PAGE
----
Arrivals per 'Brothers', 8 April 1837:-
Arnold Family of Child Okeford, Dorset, England
Bradley family of Sixpenny Handley, Dorset, England
Butt family of Winterborne Strickland, Dorset, England
Butt family of Winterborne Strickland, Dorset, England
Cox family of Farnham, Dorset, England
William Elliot from Farnham, Dorset, Farm Steward, aged 19, unmarried,
Gumbleton family From Bishopstone, Wiltshire.
Henry, labourer, 26
Jane (nee Oxford), 24
Emmeline (or Emma), 2
Henry's niece, Martha Gumbleton, aged 17, was also on this ship. She went to Taralga
New family from Sixpenny Handley, Dorset
Norris family from Child Okeford, Dorset
Smith family from Donhead St Mary, Wiltshire
Thorn family from Sixpenny Handley, Dorset
Vincen family from Sixpenny Handley, Dorset
Weeks family from Sixpenny Handley, Dorset Weeks family of Sixpenny Handley, Dorset
WEEKS from Sixpenny Handley, Dorset
Wright family of Berwick St John, Wiltshire, England
Arrivals per 'Kinnear', 23 April 1838:
Arrivals per 'John McLellan', 3 October 1838:-
Bugden family from Donhead St Mary, Wiltshire
Kelloway family from Tollard Royal, Wiltshire;
Loader family from (Woodlands?), Dorset
Penny family bounty immigrants for the Macarthurs. from Donhead St Mary, Wiltshire
Read family from Donhead St Mary, Wiltshire
Rideout family from Tollard Farnham, Dorset
Talbot family from Donhead St Mary, Wiltshire
Arrivals per 'Royal George', 10th March 1839:-
Apps family of Horsmonden, Kent, England
Barrett family of Tollard Royal, Wiltshire, England
Bishop family of Benenden, Kent, England
Booth family of Benenden, Kent, England
Clout family of Benenden, Kent, England
Davis family from Beckley, Sussex
Douch family from Sturminster, Dorset
Fuller family from Beckley, Sussex, England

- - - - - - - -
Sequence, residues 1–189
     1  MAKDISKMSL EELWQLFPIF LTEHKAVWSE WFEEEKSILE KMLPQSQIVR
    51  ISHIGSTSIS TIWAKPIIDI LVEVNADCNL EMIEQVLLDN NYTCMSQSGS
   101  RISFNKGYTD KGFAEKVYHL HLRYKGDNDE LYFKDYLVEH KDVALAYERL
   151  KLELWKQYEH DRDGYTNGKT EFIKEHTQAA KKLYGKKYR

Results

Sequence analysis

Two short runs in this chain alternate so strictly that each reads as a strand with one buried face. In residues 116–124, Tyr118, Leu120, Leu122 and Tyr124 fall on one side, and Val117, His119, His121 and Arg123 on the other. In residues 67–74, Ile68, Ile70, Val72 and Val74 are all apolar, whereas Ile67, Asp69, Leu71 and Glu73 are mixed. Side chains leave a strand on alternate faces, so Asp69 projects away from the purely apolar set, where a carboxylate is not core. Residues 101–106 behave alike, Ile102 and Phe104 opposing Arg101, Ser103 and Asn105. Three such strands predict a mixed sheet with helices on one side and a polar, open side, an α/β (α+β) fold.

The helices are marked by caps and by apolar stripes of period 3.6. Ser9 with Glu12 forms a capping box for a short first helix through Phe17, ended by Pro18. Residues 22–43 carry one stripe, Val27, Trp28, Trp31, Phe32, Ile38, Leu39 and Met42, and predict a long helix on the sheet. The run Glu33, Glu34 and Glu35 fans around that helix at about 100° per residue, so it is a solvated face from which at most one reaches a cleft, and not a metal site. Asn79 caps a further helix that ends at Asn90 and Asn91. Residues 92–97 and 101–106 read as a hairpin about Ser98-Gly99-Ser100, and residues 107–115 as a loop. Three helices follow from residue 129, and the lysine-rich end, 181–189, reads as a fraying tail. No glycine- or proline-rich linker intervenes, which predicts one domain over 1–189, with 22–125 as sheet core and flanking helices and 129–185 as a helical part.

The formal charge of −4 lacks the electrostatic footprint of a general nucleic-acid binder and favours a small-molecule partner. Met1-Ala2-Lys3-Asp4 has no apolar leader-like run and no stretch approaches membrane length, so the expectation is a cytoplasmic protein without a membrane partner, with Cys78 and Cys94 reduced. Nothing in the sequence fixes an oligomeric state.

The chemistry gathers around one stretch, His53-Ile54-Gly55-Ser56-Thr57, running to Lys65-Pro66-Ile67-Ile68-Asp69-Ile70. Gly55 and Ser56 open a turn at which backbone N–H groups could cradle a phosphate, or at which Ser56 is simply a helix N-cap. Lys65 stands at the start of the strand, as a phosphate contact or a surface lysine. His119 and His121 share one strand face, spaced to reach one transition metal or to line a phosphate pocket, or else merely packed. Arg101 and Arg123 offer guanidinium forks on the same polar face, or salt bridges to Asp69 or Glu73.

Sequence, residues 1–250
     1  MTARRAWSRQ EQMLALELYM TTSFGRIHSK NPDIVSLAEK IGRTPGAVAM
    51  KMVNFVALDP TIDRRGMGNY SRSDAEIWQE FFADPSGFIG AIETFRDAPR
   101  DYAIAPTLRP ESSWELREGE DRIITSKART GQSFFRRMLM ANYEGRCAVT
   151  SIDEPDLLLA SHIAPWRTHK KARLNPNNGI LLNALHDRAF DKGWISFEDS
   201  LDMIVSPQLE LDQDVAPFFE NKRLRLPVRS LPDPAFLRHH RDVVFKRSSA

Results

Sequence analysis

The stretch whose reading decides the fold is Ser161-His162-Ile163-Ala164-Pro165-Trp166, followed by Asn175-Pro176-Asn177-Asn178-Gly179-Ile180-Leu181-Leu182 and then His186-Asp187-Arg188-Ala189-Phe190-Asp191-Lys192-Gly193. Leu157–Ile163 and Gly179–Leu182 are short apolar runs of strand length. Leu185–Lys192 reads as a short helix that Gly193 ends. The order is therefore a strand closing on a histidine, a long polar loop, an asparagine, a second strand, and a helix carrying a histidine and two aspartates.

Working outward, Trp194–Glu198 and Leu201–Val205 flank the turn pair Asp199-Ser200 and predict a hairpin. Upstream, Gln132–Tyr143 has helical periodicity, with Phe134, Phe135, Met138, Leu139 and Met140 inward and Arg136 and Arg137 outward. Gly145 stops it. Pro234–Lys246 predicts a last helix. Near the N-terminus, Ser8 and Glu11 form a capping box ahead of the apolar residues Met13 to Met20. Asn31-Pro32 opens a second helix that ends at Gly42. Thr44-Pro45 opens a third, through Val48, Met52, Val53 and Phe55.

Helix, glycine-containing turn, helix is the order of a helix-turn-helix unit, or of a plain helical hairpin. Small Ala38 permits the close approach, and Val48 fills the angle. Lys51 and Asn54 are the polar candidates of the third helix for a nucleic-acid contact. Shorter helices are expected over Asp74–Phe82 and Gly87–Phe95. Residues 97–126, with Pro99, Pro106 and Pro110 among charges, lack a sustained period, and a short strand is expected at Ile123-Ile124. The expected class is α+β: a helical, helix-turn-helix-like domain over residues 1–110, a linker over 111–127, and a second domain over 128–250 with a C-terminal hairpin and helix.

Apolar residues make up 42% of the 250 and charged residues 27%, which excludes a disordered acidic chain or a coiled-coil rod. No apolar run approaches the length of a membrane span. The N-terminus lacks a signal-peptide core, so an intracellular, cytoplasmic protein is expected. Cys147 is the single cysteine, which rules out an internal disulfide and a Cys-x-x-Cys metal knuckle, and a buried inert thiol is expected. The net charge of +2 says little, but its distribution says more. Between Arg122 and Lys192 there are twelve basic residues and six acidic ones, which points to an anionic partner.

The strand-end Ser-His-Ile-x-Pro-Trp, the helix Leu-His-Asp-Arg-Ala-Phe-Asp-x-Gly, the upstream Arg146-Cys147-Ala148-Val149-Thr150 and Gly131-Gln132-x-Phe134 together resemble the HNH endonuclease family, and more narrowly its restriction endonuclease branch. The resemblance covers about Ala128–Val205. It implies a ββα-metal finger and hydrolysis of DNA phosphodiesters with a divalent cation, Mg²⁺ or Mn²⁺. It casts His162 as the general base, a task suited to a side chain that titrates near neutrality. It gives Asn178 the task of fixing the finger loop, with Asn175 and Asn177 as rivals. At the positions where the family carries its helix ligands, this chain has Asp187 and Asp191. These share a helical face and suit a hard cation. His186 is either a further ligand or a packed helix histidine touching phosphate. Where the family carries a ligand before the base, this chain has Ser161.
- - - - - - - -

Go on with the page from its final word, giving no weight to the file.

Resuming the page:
Furnall family of Tisbury, Wiltshire, England
Isaac Green Bounty Immigrant, arrived per Royal George, 10 March 1839; came from Sixpenny Handley, Dorset; labourer, aged 22, unmarried. He apparently left Camden in March of 1840.
Hayter family from Tollard (Royal?), Wiltshire
The Hayters, a tenant family, also moved [from Camden]. Jeremiah Hayter had arrived at Camden in 1839, one of the immigrants of the Royal George, a humble sawyer. He did very well. When he left he announced his departure with an auction of his property in the village, a four-roomed brick cottage with detached kitchen on half an acre, which in fact took some time to sell. Having paid 180 pounds for it in 1862 he got 130 pounds in 1869. Hayter's farm, 103 acres on the best part of Camden Park, he left with his third son James, who was about to marry. Some 300 acres which he failed to sell at Mulgoa Forest became the home of his fourth son, Jesse. The eldest son, John, Had a family of his own, but he and the remaining 8 children went with their parents to their selection at Sutton Forest. For this new land Jeremiah must have paid about 400 pounds and soon John began to buy land beside it. Thus were three boys provided for.
Elias Ingram labourer, aged 21, from Donhead, Wiltshire; bounty immigrant; unmarried; for the Macarthurs of Camden Park.
Norris family Arr per Royal George, 10 Mar 1839 from Child Okeford, Dorset
Percy family brought out by W S Macleay; apparently never at Camden. from Shillingstone, Dorset
Sanger family from Shillingstone, Dorset
Sheather family from Brede, Sussex
Sheather family from Beckley, Sussex
Shelock family from London
Thorn family from Sixpenny Handley, Dorset
Watman family from Biddenden, Kent
James Bayley, from Cuddington (Buckinghamshire?), aged 25
Abel Fennel, from Tisbury, Wiltshire, aged 20
Henry South, from London, aged 22
George William Trowbridge, from Tollard Royal, Wiltshire, aged 18 (brother of Selina Kelloway who came out on the 'John McLellan')
William Wenham, from Kent, aged 31